INDIAN RUNNER DUCK COLOURS
Fawn Runners, plus Fawn-and-White, were the original colours
imported into the UK. Since then the Runners have branched out into
White, Black, Chocolate, Cumberland
Blue, Mallard, Trout
and White. More recently produced are the Apricot and Blue Duskies,
Silver ('Streicher') and Apricot Trout (Blaugelb in Germany,
Crossed with other types of ducks, the Runner produced nearly all the Light Duck breeds (such as the Campbell and the Abacot Ranger) which have a lower carriage than the true Runner. There are now many standard colours of Runner in the UK, and several more in Australia and Germany.
|Fawn& white Runners|
When did the birds reach Europe?
It is possible that the Dutch ‘found’ the Runner in Indonesia and brought live specimens to Europe. Just before the end of the sixteenth century the Dutch entered, and for a time dominated, the race to control maritime trade to the legendary 'Spice Islands' of the East Indies.
For centuries middlemen from the Far East had controlled the trade in nutmeg, mace, cloves, pepper and cinnamon. The Europeans wanted to go straight to the source, the Moluccas, northeast of Bali, and the initial
race was won by the Portuguese. In 1511 they reached these Spice Islands and brought a full cargo back to Europe.
The Dutch sought influence in the area too. Cornelis de Houtman was sent by Amsterdam merchants to Lisbon to discover as much information on Portuguese routes to the Spice Islands as he could. The Dutch also benefitted from the knowledge of Jan Huygen van Linschoten with his years of experience with the Portuguese.
In 1594 Dutch merchants founded the 'compagnie van Verre' (long-distance company/ far distant lands company), and in 1595 four ships left Amsterdam and reached Banten (Bantam), a north-western port in Java. They then went on to Bali and returned in 1597. The first expedition was not a commercial success, returning with just enough pepper to cover their costs (Dutch Ships in Tropical Waters: Parthesius). Nevertheless, subsequent trade was very profitable and led to the Dutch founding the United East India Company (VOC) in 1602 . Later the Dutch built the walled fortress of Batavia – now Jakarta.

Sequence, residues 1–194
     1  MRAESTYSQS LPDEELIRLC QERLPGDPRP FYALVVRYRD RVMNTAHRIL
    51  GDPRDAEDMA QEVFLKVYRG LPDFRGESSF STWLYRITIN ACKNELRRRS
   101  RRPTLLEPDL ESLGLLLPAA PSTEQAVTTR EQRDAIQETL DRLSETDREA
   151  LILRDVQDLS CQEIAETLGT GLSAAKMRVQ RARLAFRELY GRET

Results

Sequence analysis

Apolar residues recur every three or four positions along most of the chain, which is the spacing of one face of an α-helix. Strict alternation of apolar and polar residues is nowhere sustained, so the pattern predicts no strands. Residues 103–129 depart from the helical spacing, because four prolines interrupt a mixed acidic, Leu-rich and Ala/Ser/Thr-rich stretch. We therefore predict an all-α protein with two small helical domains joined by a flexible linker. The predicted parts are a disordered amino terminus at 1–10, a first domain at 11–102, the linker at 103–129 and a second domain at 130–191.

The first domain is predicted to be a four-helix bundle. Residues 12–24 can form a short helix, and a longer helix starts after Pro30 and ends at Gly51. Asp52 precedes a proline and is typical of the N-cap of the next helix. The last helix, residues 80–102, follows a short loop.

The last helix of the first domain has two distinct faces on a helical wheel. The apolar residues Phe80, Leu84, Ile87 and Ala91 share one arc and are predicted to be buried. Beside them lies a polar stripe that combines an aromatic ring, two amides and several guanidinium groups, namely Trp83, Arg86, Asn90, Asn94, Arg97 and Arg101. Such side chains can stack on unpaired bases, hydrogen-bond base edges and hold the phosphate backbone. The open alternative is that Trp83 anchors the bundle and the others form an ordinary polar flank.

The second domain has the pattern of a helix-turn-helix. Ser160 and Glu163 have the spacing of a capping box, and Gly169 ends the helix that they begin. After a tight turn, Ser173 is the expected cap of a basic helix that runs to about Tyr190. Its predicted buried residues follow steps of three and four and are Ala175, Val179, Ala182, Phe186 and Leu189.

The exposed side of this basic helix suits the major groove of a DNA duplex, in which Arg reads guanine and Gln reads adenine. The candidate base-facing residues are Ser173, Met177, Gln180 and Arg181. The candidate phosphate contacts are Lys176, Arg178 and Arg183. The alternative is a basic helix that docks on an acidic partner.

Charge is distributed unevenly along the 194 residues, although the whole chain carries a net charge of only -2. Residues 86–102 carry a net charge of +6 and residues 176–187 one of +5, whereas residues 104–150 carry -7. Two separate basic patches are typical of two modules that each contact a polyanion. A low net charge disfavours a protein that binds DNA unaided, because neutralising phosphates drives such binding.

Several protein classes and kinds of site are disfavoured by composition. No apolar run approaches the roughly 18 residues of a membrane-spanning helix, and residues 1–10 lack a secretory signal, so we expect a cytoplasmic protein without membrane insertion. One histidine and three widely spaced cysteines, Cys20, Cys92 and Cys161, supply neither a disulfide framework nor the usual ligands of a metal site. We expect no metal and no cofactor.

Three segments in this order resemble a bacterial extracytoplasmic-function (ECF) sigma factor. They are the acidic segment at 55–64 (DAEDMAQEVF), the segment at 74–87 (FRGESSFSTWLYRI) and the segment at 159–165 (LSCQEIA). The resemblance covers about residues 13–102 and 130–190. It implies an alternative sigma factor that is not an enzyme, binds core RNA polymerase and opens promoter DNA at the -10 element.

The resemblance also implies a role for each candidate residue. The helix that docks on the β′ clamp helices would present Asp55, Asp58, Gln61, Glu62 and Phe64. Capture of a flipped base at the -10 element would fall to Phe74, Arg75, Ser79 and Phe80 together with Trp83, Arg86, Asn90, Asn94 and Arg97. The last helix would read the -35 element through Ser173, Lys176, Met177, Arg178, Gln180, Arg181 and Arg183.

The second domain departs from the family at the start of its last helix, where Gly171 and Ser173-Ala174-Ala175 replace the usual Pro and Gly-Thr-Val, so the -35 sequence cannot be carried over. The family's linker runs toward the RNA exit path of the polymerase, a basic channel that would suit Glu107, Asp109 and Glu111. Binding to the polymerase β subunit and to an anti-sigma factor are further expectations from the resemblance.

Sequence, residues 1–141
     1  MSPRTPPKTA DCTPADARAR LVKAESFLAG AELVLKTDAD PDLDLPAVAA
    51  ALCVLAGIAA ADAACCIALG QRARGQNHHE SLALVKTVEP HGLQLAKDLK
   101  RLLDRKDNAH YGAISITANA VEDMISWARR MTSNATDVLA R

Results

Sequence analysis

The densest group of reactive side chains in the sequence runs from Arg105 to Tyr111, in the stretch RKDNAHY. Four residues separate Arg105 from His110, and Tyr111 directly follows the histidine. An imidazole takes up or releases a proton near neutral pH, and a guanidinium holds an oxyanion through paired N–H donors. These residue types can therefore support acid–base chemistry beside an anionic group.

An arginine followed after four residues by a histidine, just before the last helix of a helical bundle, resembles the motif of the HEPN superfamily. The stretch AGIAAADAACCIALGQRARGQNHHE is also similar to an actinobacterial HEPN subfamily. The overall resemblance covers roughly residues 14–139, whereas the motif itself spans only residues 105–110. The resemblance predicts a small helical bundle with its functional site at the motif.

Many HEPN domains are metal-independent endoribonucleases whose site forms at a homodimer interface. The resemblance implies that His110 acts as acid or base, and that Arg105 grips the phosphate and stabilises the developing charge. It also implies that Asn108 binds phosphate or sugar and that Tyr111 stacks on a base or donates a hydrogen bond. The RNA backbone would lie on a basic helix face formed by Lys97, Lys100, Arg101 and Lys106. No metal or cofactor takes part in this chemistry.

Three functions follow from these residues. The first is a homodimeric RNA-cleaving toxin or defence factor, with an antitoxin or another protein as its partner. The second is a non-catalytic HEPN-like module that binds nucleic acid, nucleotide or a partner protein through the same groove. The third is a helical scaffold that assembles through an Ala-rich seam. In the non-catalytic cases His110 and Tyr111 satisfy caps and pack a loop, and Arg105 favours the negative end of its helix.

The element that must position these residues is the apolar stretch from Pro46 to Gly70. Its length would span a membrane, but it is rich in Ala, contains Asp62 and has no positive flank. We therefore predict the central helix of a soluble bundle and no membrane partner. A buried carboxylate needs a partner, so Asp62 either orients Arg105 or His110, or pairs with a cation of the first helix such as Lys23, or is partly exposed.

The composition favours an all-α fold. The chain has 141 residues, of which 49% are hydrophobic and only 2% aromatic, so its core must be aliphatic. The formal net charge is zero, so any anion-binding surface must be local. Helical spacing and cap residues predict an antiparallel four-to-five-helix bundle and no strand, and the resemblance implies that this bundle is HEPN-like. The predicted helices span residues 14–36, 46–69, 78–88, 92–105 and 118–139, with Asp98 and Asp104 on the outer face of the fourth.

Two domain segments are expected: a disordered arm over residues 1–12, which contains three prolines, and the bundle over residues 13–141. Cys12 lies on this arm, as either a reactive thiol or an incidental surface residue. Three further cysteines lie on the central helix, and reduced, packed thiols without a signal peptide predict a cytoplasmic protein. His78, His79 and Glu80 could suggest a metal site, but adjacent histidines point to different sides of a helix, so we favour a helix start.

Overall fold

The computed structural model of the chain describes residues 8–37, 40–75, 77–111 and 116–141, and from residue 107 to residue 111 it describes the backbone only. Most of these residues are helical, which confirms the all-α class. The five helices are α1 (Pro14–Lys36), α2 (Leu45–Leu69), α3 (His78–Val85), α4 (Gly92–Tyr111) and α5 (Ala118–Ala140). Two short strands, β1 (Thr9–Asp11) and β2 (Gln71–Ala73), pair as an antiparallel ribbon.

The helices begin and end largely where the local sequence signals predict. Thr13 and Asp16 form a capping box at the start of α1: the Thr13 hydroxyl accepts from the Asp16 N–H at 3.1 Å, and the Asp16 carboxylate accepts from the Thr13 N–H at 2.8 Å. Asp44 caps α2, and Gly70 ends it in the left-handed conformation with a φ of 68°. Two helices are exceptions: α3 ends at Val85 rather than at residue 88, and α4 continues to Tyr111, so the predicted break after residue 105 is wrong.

Chickens and ducks are both mentioned as live-stock for consumption and for producing eggs on outward and on homeward VOC voyages. Some of the birds taken on board for egg-producing may have survived the voyage and been brought into the Netherlands. It has also been recounted that salted 'pingouin' ducks were part of the cargo of one of the VOC ships. On occasion, outward bound ships actually picked up marine penguins from the seas off South Africa. These birds saved the crews from starvation on trips in the mid 1600s.
Dutch painters, in the 1600s, depicted crested ducks and pied ducks. These genes may have come from the Far East. Certainly birds bearing a close resemblance to Runners are depicted in seventeenth century Dutch art and suggest their arrival in Europe at this time.